A Shore House in a Flood Zone

Let me start by saying that I never really wanted a beach house. I’ve been in enough hurricanes that the idea of owning property near the beach is more terrifying than alluring. Super Storm Sandy ravaged the New Jersey coast in 2013, bringing flood waters near or above what FEMA defines as the “100 year flood” level. While many businesses have bounced back, condemned houses and drawn-out reconstruction efforts still dot the neighborhoods along the Jersey shore.

So naturally, that’s where we’re buying a vacation house.

Our family vacations at the Jersey shore each summer and as we’ve grown the sleeping arrangements have become increasingly cramped. On weekends we pile six adults, two toddlers, and two dogs into my father-in-law’s 1,000 square foot house. When the next door neighbor’s house came on the market last year we joked about buying. The longer it sat on the market the more we eyed it up. In January the sellers dropped the price considerably, and we decided it was time to think about it more seriously.

Our Maybe House

Won’t You Be My Neighbor

 

The house got through Sandy mostly unscathed, and after checking it out we decided to put in an offer. We had the inspection this week and while there’s some stuff we need to follow up on, nothing was too horrible. That said, it’s a 40 year old house. It has a bunch of stuff that’s at the end of its lifespan, including the roof. But it’s all in decent shape right now, so we can spread the costs out over the next few years.

The flood risk is a non-trivial consideration in all of this. The house is built below “base flood elevation” or BFE. BFE is the “hundred year flood” level, or the expected flood level in the “one percent chance” flood. I don’t really like the term “hundred year flood” because it falsely implies that such a flood only happens every hundred years or so. But the distribution is not necessarily even. Every year there’s a 1% chance of such a flood, regardless of what happened the year before. This means that over a 30 year period (the length of most mortgages) there’s about a 26% chance of having a “hundred year flood.” Never mind any effects climate change might have on flood / sea levels. But I digress.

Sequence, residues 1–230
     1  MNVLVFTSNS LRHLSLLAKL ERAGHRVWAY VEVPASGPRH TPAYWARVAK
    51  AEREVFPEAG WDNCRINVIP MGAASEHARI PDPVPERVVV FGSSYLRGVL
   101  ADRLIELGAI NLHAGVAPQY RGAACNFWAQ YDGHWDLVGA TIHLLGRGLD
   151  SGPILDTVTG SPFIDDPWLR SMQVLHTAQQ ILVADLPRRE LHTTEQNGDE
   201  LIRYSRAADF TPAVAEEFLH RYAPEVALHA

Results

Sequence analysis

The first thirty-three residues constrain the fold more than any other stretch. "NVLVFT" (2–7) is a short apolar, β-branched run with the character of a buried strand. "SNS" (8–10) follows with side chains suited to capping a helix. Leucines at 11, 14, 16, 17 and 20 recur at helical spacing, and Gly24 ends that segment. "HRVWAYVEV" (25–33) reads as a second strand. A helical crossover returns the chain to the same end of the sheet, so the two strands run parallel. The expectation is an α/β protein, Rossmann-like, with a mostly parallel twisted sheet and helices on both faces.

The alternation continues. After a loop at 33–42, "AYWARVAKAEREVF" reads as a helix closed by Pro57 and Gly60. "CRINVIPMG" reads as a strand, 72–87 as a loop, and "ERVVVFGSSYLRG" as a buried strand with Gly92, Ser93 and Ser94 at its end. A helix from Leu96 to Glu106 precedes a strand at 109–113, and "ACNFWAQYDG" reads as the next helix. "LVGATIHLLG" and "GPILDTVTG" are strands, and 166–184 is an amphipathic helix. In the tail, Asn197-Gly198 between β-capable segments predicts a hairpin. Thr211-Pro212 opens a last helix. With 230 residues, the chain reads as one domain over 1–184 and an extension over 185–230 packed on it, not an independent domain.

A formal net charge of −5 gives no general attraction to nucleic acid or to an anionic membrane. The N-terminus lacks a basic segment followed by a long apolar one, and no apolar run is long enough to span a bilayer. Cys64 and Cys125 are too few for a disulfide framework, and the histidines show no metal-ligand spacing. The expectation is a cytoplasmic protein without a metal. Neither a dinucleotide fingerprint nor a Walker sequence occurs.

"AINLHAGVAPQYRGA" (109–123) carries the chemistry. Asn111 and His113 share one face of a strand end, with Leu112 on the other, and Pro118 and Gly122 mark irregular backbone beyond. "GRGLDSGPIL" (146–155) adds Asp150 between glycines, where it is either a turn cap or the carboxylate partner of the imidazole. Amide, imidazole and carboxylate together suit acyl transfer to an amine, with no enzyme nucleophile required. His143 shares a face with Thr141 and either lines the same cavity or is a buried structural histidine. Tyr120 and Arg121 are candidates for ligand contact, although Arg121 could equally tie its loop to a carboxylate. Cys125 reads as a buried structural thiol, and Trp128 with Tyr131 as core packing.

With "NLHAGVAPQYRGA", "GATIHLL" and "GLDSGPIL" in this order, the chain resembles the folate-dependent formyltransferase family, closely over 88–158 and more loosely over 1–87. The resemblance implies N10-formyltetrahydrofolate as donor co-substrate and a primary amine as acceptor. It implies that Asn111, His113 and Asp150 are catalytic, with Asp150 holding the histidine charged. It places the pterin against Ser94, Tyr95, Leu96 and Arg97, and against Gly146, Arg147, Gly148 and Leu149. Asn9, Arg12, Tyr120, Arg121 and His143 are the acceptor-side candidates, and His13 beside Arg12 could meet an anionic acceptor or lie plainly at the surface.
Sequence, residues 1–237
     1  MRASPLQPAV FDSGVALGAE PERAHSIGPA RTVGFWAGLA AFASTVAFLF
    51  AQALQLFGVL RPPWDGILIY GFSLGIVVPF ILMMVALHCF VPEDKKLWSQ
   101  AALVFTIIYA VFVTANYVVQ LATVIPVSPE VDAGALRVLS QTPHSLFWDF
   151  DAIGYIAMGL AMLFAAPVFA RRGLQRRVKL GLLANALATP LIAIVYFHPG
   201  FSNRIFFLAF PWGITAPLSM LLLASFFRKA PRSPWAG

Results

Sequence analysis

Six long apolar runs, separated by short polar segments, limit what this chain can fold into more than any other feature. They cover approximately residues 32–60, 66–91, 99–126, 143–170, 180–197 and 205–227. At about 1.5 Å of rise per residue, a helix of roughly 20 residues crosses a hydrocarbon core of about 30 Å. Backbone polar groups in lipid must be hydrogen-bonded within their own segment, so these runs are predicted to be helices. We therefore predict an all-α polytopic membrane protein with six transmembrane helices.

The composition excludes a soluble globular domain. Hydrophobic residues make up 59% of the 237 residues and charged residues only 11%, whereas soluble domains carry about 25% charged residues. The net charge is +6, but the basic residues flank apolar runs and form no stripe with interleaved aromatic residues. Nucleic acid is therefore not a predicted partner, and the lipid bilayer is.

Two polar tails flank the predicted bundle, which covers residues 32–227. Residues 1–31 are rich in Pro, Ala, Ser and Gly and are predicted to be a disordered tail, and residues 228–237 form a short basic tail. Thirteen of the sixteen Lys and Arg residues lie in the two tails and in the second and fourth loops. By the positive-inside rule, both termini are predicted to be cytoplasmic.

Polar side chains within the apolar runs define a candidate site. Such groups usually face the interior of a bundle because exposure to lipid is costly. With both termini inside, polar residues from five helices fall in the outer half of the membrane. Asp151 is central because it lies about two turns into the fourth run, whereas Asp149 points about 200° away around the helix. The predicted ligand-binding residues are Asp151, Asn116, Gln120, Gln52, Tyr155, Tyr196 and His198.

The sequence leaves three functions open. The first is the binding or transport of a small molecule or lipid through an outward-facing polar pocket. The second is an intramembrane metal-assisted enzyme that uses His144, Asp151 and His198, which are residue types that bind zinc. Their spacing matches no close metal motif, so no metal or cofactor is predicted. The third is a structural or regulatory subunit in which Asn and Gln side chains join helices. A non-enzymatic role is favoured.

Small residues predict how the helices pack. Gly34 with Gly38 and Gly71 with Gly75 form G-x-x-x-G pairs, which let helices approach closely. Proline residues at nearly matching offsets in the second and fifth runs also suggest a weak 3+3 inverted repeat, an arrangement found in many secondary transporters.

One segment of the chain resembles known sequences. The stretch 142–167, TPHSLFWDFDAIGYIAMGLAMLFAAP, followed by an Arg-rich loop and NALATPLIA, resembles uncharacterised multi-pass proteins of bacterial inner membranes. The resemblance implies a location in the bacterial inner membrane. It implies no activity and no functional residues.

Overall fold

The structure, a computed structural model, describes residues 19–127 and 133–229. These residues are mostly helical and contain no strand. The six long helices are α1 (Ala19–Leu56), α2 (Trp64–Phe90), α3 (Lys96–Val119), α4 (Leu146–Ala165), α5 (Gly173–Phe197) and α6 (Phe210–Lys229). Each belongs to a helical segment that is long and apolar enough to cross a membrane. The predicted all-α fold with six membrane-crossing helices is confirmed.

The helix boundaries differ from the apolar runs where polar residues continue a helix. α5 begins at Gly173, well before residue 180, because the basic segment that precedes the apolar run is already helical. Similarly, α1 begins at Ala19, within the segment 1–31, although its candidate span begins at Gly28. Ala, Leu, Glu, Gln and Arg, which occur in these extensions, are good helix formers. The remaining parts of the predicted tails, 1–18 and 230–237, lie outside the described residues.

I mean, it's not the worst.

I mean, it’s not the worst.

One thing I am VERY excited about with the house is the chance to put in a new kitchen. The one that’s there now is original to the house, and it’s pretty sad. A fresh coat of paint made it look tolerable for the real estate photos, but in person it is a very tired kitchen. IKEA just released a new line of cabinets sooooooooo… yeah. This is happening. I’m going to DIY as much as I can, like assembling the cabinets and putting down a wood floor, and hire professionals for things like the electrical (duh) and maybe painting (I fucking hate painting).

This is the direction I'm heading in

This is the direction I’m heading in

At this point we’re getting a few more estimates from contractors. There’s some foundation cracking that could be nothing or could be significant and we need to find out which (and get a credit from the seller if it needs fixing). I’m filling up a Pinterest board with kitchen photos, and doing boring things like getting insurance quotes, but other than that we’re just waiting for closing. If all goes to plan we’ll get the keys in mid March, get contractors in there this spring to fix the big stuff, and maaaaaaaaaaaybe have the kitchen done by summer. Maybe. We’ll see.

Filed under: New Construction Townhome

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3 thoughts on “A Shore House in a Flood Zone

  1. Arya Snark says:

    YAY! I can’t wait to see the remodel unfold. Lala the hell out of that shit. 😉

  2. Billie Ward says:

    The flooding risk makes me feel that putting in something that won’t be a big deal to replace if it gets flooded. Are those flood probabilities valid now? Perhaps considering where the water line is likely to be in another flood, using materials that are easy and cheap to replace or tolerant of soaking at and below that line would provide some practical survivability.

    Mold and mildew resistant materials, too. Storm shutters. No problem.

    Lovely that you’re getting a place you can enjoy!

    1. Kelly says:

      FEMA is still chasing its tail about where exactly the flood probability lines lie, but you’re on the mark with just planning for eventual water damage. We’re going with Ikea kitchen cabinets which will be easy to replace if need be, and fairly inexpensive / easy to replace vinyl flooring in the kichen. I considered going with wood-look tile in the kitchen but tile would raise the floor by about an inch by the time we did all the mortar and underlayment, which would then be annoying to transition to the carpet in the rest of the house. I’m suppressing my usual reaction of “kill all carpet, replace with wood” in this case. Path of least resistance and whatnot.

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